Zhu Min, Deputy Managing Director of IMF, says low interest rates are still a necessity as the global economy continues to face challenges in growth and job creation.» Read More
Hey folks, here are today's trivia questions for those extra investing bucks. the video is worth $2,000 Bonus Bucks: The Bank of Japan left interest rates unchanged today. What is the current rate? And the news is worth $1,000 Bonus Bucks: Citigroup is purchasing hedge fund Old Lane Capital for how much?
Bank of Japan left monetary policy unchanged as widely expected on Tuesday, keeping the overnight call rate target at 0.50% for two months in a row after its rate hike in February.
Russ Koesterich, senior portfolio manager at Barclays Global Investors, told CNBC’s “Closing Bell” that the equities market needs a “catalyst” to move significantly higher.
It’s time to take full advantage of the three-day weekend. Eat well and get plenty of rest because next week is packed with earnings and data for ye eager market participants starting off with the Bank of Japan's monthly policy meeting.
Vince Boberski, an economist at FTN Financial, told CNBC’s “Squawk on the Street” predicted that the Labor Department's March jobs report will reveal that the economy created about 150,000 new jobs in March.
The outlook for equities is positive next week provided there is no ‘significant weakness’ in U.S. first quarter earnings, Mislav Matejka, European Equity Strategy at JP Morgan, tells CNBC.com.
Stocks are barely changed ahead of the opening and are likely to trade with some trepidation ahead of a three day holiday weekend. Tomorrow's jobs report is a big point of interest, but stock traders will be home watching their bond market brethren trade the number on a special jobs Friday edition of Squawk Box.
The Bank of England kept interest rates on hold at 5.25% as widely expected Thursday.
Australia's central bank skipped a chance to raise interest rates on Wednesday, confounding speculation it would tighten to cool domestic demand as insurance against future inflationary pressures.
Al Goldman, chief market strategist for A.G. Edwards, told CNBC’s “Street Signs” that he expects the market to continue to rise throughout the year. “We had madness in March and the market was down,” Goldman said Tuesday. “We needed the correction. Since 1950, April has been the best month for the Dow (Jones Industrial Average) of the year. The economic news is mixed and the market chooses to go up, which is a sign of resilience and an underlying bullish trend.”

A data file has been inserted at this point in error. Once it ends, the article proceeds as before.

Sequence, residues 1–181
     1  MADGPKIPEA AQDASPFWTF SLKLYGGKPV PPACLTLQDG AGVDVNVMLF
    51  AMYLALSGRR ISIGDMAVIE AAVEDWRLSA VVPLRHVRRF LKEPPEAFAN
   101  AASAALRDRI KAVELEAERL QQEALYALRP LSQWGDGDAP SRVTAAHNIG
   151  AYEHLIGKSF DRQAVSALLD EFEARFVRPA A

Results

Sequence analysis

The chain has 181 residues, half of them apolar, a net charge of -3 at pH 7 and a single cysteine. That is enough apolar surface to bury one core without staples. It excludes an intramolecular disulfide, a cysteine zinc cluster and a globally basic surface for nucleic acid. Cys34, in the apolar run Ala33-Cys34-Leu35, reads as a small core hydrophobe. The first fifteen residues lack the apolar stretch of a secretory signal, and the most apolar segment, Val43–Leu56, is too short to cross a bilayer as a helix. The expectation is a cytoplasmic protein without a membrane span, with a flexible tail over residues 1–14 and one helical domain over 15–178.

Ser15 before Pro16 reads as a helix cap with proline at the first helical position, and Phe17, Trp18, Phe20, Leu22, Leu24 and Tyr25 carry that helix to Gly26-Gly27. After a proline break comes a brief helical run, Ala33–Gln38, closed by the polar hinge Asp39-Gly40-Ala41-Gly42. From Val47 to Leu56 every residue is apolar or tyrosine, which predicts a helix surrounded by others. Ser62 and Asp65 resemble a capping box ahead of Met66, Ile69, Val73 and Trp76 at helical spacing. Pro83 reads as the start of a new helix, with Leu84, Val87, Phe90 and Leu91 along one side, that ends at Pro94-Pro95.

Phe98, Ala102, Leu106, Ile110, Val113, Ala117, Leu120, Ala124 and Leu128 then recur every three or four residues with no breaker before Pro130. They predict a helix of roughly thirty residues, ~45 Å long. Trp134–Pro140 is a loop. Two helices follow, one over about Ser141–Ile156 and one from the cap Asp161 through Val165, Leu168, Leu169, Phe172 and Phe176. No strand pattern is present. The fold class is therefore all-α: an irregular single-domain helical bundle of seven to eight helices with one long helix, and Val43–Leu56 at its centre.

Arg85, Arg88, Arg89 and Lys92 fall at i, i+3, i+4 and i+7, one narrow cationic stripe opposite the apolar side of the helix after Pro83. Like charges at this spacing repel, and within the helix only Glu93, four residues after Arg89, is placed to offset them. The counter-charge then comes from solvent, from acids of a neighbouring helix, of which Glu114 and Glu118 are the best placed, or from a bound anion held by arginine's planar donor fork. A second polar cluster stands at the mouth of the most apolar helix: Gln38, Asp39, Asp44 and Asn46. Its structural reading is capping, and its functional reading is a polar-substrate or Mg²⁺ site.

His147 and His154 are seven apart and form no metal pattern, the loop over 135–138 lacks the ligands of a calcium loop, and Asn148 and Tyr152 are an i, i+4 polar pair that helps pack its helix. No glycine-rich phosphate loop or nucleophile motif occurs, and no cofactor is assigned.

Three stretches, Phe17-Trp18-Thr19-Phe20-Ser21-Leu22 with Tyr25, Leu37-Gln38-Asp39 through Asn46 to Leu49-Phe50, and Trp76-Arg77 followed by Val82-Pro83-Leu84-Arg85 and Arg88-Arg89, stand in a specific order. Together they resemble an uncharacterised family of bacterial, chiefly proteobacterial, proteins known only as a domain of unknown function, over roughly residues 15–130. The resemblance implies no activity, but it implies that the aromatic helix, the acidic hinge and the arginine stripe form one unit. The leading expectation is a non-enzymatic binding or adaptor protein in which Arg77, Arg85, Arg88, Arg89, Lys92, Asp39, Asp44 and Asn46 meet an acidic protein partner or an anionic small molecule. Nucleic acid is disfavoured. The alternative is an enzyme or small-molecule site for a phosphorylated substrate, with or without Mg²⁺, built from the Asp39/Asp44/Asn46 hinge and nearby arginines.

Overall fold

Alec Young, equity market strategist for Standard & Poor’s, told CNBC’s “Squawk Box” that he expects many companies to beat lowered first quarter earnings expectations, but that won’t drive the market higher. “The market is trading around 15 times (earnings),” Young said Tuesday. “If you beat and come in at 6%, that’s not great for a 15 multiple. It may help the market stay where it is, but to get P/E expansion, I think you need earnings growth closer to double digits.”
St. Louis Fed President Poole said he would lean toward a further rate increase should inflation fail to come down and if the economy was only moderately weak.
The ISM index fell to 50.9 from 52.3 in February. How are bonds reacting to Monday's lukewarm ISM number? Kevin Ferry, chief market strategist at Cronus Futures Management joined Liz Claman on “Morning Call.”
Angelo Mozilo, chief executive officer of Countrywide Financial, told CNBC’s “Squawk Box” that Washington shouldn’t take proven loan products off the market in an effort to resolve the sub-prime mortgage crisis.
Risk to euro zone inflation remain and the European Central Bank will do what is necessary to ensure stable prices, the authority's president, Jean-Claude Trichet, said in newspaper interviews published on Monday.
The current trend of heavy M&A activity shows little sign of abating and investors could be set for another week of deals dominated by private equity groups. Last week saw bid approaches for Spanish airline Iberia, British drug retailer Alliance Boots and publicly traded British hedge fund Man Group.
Small caps have outperformed their larger counterparts for several years now: the S&P SmallCap Index returned 45% in the last three years -- that’s almost double the S&P 500’s 26% gain. Will the run last through 2007?
Defaults aren't relegated to subprime mortgage lenders and borrowers: Nick Riccio of Standard & Poor's cautioned that many overleveraged U.S. corporations may be vulnerable to a credit crunch.
A transcript, released by the Federal Reserve, of Chairman Ben S. Bernanke's testimony before the Joint Economic Committee in Washington on March 28, 2007.
Susan Wachter, a professor of real estate and finance at the Wharton Business School, told CNBC’s “Morning Call” that the current housing slump won’t necessarily drag the economy into recession. “It certainly heightens the possibility of a recession,” Wachter said Tuesday. “I don’t see that it makes it inevitable by any means.”